Most of the UK is experiencing a heatwave at the moment, I hope you’ve somewhere cool and comfortable to be. An old house with thick stone walls, small windows and perched on a hill, is a very fortunate place to be.
This is Chee Dale, a cool deep limestone dale in the White Pak area of the Peak district National Park.
Stepping stones, to the left, tucked under the overhanging rock, keep your feet dry when water is more plentiful and look at those lovely limestone bedding planes to the right. We like a limestone landscape.
The path can be a bit of a scramble in parts, stout footwear is required, especially when wet, the limestone can be fiendishly slippery.
We took the camper van out to stretch it’s legs, just a one nighter, not far, just a 30 minute drive into the White Peak, pretty much my old commute in days gone by. We’d made some repairs and alterations to the van since our last ‘big trip’ to Scotland in May, and we wanted to check things worked as intended, the leaky tap is no more, and the new fridge, has a TARDIS like capacity, it’s smaller than the old fridge and yet it can accommodate a four pint bottle of milk AND a bottle of wine in an upright position, no more fridge wrangling! Result.
And if that wasn’t enough van excitement, Mr Uphilldowndale used space gained by the smaller fridge to build a cutlery drawer. ‘Tis a thing of beauty, I’d share a video of me opening and closing it in sheer delight, if I’d fully mastered uploading videos on to this WordPress editor.
We visited the lovely village of Monyash had a delicious and leisurely brunch at The Old Smithy Cafe, a favourite coffee stop of Mr UHDD on his Sunday bike rides, we shared our table and travel tales with a motorbiking couple from the Midlands, before striking out to Chatsworth.
The centre of the village is always where the gossip is, here the now superseded phone box has been repurposed as a mini library, the post box still functions, but you won’t get as many collections these days. (At least this one hasn’t been stolen.) But it is still a place to stop for a chat.
Through the stile into the small enclosure is a clue to how this spot must have been a meeting place for hundreds of years, with what we took to be a capped well
We take turning on the tap for fresh water so much for granted. Getting water, must have consumed so much time and energy, especially in this part of the Peak District, where the porous limestone gobbles up rivers and streams. I really shouldn’t complain about a leaky tap.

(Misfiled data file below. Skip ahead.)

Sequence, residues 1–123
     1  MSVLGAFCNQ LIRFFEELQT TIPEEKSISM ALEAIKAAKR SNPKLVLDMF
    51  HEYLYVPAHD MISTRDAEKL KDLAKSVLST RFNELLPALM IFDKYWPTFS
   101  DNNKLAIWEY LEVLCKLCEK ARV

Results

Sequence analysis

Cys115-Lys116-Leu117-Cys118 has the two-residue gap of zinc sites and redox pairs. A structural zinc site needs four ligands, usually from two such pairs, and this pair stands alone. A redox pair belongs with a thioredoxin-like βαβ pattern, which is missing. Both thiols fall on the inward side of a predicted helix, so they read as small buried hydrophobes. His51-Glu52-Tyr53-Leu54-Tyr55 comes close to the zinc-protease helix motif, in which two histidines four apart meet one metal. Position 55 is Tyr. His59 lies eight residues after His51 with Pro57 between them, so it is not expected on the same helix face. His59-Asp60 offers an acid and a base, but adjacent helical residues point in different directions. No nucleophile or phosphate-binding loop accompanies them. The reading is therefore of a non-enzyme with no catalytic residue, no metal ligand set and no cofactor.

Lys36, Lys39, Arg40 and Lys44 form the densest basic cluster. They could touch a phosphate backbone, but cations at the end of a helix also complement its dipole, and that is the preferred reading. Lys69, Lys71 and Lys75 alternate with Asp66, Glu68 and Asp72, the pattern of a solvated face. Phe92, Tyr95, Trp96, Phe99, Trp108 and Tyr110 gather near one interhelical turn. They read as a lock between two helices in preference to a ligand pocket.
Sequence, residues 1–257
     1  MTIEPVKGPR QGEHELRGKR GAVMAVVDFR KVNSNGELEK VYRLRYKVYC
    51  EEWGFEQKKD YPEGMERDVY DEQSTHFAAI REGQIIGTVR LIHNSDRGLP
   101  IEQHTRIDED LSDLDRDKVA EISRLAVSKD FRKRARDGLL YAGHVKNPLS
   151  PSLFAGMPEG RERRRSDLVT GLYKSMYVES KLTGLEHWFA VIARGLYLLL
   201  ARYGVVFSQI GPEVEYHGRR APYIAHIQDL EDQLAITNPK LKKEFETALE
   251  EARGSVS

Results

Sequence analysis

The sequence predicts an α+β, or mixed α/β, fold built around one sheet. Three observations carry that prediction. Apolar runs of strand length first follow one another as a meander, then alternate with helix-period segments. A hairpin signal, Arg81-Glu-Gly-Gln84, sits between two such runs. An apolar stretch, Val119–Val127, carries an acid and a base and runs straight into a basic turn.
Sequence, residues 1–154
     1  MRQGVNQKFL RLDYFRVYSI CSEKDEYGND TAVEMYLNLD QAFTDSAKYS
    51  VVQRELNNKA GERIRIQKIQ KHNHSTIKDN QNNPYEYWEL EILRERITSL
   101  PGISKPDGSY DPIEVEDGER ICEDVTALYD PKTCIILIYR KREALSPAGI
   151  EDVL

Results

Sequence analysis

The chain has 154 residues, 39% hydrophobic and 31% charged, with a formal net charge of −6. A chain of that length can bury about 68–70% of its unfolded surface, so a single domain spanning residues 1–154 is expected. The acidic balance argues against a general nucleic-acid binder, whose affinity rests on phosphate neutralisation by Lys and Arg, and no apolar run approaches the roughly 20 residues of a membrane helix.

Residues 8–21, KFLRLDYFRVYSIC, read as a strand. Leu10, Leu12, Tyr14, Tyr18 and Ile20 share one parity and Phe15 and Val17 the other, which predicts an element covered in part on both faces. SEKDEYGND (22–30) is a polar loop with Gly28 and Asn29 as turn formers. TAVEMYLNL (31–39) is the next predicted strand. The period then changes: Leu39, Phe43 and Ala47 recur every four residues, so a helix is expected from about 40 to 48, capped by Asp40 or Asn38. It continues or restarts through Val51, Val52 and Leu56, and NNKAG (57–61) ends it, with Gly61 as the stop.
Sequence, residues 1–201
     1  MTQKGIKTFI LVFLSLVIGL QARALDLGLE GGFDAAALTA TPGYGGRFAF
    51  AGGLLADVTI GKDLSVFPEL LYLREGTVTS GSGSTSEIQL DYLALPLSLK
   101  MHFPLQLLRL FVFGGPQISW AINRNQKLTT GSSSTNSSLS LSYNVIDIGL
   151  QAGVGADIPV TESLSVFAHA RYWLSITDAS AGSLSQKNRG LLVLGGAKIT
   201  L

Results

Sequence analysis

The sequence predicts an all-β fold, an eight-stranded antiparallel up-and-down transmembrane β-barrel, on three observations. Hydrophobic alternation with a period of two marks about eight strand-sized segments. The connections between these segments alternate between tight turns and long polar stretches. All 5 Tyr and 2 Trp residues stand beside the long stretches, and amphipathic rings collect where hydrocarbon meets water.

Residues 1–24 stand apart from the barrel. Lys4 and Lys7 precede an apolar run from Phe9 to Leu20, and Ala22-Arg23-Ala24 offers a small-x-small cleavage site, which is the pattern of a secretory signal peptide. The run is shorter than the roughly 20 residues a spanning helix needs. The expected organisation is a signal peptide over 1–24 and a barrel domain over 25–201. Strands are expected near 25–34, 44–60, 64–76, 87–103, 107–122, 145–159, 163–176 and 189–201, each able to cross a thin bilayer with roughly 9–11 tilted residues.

The field, continues it’s journey into summer, never has it provided more pleasure than this year, and it’s always been a delight, but being on our doorstep, it is a wonderful distraction from the woes of the world.
The weather we have had since lock-down has made it quiet magical. So many insects and butterflies After the heavy rain of the last few days, when the clouds clear and the sun breaks through, the bugs and butterflies rise up with the warmth from the ground. It makes me smile.
Knapweed is a plant we introduced to the field, about eight or nine years ago, having had work done to remedy a problem from theoutflow of the septic tank ( sorry you weren’t expecting that were you?) we took the opportunity to reseed the area with a native wildflower seed mix, some of the species decided the field wasn’t for them, but the knapweed liked the neighbourhood and flourished
Maybe we should take a leaf (pun intended) out of the sycamore aphids book of social distancing. They seem to have it sussed.
However, an Internet search* led me to discover it’s not about them being apart, on the contrary, it’s actually about them being able to touch one another (but at least the little bugs have a plan how to deal with a life threatening situation and are sticking to it!)
One of the most striking features of the sycamore aphid is the way in which the individuals space themselves evenly under the leaf. the spacing is such that they are just close enough together to touch each other with their long antennae, so if an individual in one part of the leaf is attacked the alarm spreads from aphid to aphid in a wave of antennae-waving across the whole leaf.
Just about every leaf I could see was covered in the aphids, there must be millions of them; which probably explains why the blue tits, that consume a fortunes worth of food through the winter ( the bird food bill comes in at more than the cat and dog food budget combined) are not very bothered about cleaning the aphids off the roses in the garden, you’d think it was the least they could do?